To Market, to Market: Steps toward Publication                                                        

By Trina Allen                                                                                              Home     Portfolio     Contact the Author

 

You can make your own writing more marketable and thus increase your odds of publication by following three simple suggestions. First, learn about the publication process so that you are informed. Second, do everything within your power to improve your writing so that it is A-plus quality before you submit it anywhere. Third, know your market.

 

Step One: Learn about the publication process

First, read everything you can find on writing and publishing. Jeff Herman’s book, Writer’s Guide to Book Editors Publishers & Literary Agents is one of the best I’ve read on the subject. On Writing by Stephen King is another. The Internet is a valuable source of information, but make sure the site is credible, like those listed below.

 

Links for Children's Authors
The Society of Children's Book Writers & Illustrators
The Children's Book Council


Links for Authors
Preditors and Editors
Science Fiction & Fantasy Writers of America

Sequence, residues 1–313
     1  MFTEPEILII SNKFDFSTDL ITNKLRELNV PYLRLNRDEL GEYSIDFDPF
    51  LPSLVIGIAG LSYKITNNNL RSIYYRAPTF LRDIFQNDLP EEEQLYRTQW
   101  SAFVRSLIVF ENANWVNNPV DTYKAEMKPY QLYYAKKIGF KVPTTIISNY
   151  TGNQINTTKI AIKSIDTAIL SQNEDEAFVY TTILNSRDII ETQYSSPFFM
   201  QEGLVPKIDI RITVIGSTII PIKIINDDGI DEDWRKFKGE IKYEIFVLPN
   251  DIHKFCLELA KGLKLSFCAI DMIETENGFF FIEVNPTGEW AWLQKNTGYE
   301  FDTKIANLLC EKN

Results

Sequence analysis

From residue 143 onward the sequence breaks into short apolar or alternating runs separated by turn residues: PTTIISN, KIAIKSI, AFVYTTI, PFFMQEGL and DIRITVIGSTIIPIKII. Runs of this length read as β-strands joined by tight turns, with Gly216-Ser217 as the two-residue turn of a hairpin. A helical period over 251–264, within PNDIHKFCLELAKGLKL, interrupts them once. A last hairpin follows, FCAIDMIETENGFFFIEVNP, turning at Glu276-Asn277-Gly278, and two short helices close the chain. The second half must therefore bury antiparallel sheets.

The Writer
Writer's Digest
Writer's Market
Writers Net
Writers Write

Second, network with other writers. Online discussion groups are an excellent place to start. Join the writing forums and read what other writers, editors, agents and publishers say. You can also upload your work and get feedback from writers, editors and agents. Feedback from fellow writers will be a valuable resource to you.

 

Third, if you aren’t in a writing group, join one. A fresh pair of eyes will see plot flaws or inconsistencies in your writing that you overlooked. More importantly, you will develop confidence from positive feedback. Check for writer’s networks in your state to find a group. Look at Yahoo’s groups, or do a Google search for writing groups. You might even consider starting your own group by advertising in the local newspaper.

 

Fourth, subscribe to writing magazines. I subscribe to Writer’s Digest and The Writer. It is worth the money. The articles you read there will answer many of your questions.

 

Fifth, and more costly, go to writing conferences if it is at all within your budget. The connections you make with new writers like yourself will be as valuable as any connections you make with agents and established writers.

 

Now that you’ve researched writing and publishing, you are ready to make informed decisions about marketing your work.

 

Step Two: Steps to make writing more marketable